IN a nutshell, the book is an excellent piece of fantasy and imagination, worth reading, but not as good as the previous ones. But since most of the things were predictable, and some of the expectations, which the book did not live up to, I would rate the book a little lower than its prequels.
The characters in this book were too mechanical and not much of emotions was seen in them, save for Roran, who lives on his emotions. Moreover, throughout the series, as my friend pointed out, "Arya's perfection is her flaw," she is too perfect to be realistic. Also, Eragon does not think about his feelings for Arya in this book, also others seem stoic.
Paolini's description is perfect for a fantasy story, neither too long like Tolkien's, nor two consise, or jovial like Rowling's. It gives a richness to the story and he makes even the most uneventful and boring places of the story worth reading. You'll never feel like skipping any part of the story.
The whole concept of the Inheritance Cycle(Eragon-Eldest-Brisingr-4th Book) is excellent and not any less in this one. But it did disappoint me at times where I found many similarities with other fantasy novels...names, setting of lairs of different characters and others. Also I had some difficulty in scaling the map of Alagaesia, since it different durations to travel the same distance at different occasions in the book. It may be due to the gradual increase in Eragon's power, but yet it, at times, confuses me.
Usually, a fantasy story is at its best when you can put yourself into it and imagine what you'd feel like, and you can actually do that here. Most of the concepts regarding magic and other fantastic things that are usually exaggerated in other novels of the fantasy genre, is presented here excellently, showing that everything in this world has its own limitations, and his work makes very good sense, and some of it has been apparently been experienced by people on real-earth(I read similar things in a few spiritual books).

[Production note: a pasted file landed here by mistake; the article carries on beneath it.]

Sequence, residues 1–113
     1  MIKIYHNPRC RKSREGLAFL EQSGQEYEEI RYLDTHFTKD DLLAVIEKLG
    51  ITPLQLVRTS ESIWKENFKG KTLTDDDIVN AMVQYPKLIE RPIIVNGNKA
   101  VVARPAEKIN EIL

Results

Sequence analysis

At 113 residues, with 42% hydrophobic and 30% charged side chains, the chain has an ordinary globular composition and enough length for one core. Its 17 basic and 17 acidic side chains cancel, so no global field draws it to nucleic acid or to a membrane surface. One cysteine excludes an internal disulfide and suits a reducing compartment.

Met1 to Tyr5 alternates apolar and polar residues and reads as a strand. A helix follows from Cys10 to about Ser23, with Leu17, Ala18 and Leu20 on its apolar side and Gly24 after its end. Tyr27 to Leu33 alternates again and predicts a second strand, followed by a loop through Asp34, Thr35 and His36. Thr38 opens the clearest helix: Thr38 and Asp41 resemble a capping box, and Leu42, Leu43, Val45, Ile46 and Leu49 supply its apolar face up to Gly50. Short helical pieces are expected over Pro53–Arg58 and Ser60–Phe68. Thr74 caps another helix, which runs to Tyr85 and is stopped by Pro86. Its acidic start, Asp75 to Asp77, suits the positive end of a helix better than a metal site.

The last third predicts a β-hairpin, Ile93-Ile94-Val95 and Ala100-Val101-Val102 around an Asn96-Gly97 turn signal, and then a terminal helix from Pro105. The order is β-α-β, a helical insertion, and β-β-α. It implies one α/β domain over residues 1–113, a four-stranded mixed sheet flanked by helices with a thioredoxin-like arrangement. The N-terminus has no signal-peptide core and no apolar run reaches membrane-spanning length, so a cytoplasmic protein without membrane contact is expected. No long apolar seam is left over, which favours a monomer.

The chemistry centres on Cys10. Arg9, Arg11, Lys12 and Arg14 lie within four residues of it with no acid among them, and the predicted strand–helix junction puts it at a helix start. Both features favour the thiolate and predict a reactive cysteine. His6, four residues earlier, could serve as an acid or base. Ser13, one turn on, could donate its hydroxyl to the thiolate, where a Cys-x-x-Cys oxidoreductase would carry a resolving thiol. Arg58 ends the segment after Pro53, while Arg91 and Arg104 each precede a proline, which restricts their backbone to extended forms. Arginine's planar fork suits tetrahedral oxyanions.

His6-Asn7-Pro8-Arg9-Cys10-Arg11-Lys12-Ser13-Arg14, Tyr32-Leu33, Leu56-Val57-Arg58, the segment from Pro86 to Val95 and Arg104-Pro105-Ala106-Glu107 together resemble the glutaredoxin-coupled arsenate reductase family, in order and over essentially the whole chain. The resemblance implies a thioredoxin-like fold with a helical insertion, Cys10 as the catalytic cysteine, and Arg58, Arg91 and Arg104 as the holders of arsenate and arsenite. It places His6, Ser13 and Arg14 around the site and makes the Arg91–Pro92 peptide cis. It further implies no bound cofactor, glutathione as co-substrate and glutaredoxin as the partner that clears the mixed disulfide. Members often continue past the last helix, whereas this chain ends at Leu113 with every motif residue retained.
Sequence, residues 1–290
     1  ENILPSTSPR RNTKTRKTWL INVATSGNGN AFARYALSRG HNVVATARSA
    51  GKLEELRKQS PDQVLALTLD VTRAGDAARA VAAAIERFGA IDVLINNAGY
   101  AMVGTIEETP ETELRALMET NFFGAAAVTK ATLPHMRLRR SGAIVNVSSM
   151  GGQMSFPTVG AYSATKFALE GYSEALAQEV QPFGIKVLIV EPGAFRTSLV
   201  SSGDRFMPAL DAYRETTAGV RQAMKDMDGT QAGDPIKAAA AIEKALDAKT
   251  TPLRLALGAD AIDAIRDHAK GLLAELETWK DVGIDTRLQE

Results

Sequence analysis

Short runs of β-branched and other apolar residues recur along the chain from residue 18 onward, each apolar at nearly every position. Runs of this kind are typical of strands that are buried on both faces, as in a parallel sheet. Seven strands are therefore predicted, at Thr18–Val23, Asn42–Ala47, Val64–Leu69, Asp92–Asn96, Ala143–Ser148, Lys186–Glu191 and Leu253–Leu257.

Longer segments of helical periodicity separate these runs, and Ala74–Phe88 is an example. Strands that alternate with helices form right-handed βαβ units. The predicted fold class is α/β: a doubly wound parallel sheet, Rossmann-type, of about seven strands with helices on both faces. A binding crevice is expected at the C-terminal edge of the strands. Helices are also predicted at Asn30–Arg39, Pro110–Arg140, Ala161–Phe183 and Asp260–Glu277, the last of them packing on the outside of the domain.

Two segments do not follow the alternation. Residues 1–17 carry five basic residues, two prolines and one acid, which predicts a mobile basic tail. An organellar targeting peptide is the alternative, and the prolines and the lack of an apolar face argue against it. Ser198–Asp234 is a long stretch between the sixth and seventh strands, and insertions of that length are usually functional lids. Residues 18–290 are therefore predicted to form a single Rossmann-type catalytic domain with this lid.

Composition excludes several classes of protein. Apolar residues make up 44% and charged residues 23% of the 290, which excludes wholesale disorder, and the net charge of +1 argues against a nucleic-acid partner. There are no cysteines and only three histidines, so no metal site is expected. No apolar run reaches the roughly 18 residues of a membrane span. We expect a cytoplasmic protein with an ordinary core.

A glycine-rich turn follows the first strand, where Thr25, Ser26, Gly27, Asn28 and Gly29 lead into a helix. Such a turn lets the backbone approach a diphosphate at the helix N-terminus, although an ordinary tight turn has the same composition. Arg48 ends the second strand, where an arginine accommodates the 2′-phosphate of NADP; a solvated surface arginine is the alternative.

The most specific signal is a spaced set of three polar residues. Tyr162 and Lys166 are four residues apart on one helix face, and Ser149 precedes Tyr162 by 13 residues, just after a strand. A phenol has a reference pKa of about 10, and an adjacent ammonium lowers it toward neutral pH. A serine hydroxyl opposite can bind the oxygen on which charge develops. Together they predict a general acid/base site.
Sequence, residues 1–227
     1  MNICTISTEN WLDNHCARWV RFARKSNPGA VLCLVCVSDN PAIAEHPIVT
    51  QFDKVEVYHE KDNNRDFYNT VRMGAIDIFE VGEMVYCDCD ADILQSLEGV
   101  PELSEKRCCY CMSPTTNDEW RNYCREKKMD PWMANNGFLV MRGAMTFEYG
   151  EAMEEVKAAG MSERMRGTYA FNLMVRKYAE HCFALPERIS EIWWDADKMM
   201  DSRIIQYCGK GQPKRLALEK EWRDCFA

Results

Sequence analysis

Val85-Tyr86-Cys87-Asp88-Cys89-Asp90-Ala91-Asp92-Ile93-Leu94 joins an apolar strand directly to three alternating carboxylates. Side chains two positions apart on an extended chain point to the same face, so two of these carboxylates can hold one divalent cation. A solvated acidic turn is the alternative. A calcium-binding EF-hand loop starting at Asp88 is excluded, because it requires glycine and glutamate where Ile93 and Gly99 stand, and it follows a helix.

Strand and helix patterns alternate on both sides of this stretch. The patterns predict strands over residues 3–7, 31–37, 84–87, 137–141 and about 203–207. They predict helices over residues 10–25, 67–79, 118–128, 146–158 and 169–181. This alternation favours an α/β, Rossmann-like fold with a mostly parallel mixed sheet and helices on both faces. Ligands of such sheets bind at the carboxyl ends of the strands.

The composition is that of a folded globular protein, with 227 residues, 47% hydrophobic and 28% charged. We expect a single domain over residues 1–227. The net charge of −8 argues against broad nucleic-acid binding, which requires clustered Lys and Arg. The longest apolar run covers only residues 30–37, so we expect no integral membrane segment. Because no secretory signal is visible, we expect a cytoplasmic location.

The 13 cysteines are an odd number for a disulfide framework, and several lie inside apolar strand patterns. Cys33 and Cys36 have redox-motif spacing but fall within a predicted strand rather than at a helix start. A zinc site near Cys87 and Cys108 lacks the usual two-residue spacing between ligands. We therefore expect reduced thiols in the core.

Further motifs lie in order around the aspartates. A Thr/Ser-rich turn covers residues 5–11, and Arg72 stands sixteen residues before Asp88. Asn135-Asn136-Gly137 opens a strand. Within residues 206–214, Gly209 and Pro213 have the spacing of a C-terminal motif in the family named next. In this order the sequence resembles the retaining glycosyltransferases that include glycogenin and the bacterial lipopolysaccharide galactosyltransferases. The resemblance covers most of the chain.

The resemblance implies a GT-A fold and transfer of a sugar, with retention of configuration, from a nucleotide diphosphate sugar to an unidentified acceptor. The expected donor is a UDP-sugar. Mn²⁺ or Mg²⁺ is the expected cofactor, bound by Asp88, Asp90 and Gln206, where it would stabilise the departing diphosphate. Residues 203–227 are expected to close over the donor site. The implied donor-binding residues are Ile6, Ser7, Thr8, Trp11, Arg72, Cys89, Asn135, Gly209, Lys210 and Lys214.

The plot is interesting, but has a few standard things that one tends to encounter in most of the books, making it look like a story format, just like one for an Indian commercial film. For example, the protagonist is the 'chosen one' and that he is an orphan...well, its there in many more books, not just HP. But a good aspect of the plot is that Christopher Paolini has not yet revealed Galbatorix so far in the three books. Only his voice is heard partially in Brisingr. This gives a tempo to the series regarding what Galbatorix would be like. Another good part is that, Unlike Sauron, or Voldemort, Galbatorix is not someone people fear to name, which does not raise the expectations of the reader regarding how tough it would be to kill the king at the end. It was a major flaw in Harry Potter series, and to an extent, disappointing in the LOTR series.
On the whole, I enjoyed the book, but always had a feeling that something was amiss, and thus lost the excitement as I reached the end of the book. Also, I don't really feel like reading the book again, as I did, when I had read Eragon and Eldest.
Anyway, all is not to be blamed on Christopher Paolini, because I know how boring it is to complete a series, or even a novel, when thoughts flood your mind. I experienced such a thing when I tried my hand at writing. In fact I'm still stuck at page number 192 of my story. Moreover, Paolini is quite young, and is debuting into the world of novels with this series, thus lowering our expectations a little is a better idea.
But above all, Brisingr, and its prequels, has a number of lessons of life to learn, and a wonderful set of books to read, especially for people coming of age, as it contains things that one should know when he is being kicked out from the comforst of home, into the big-wide outside world, a place where everything is deceptive, a place where the actual story of one's life begins.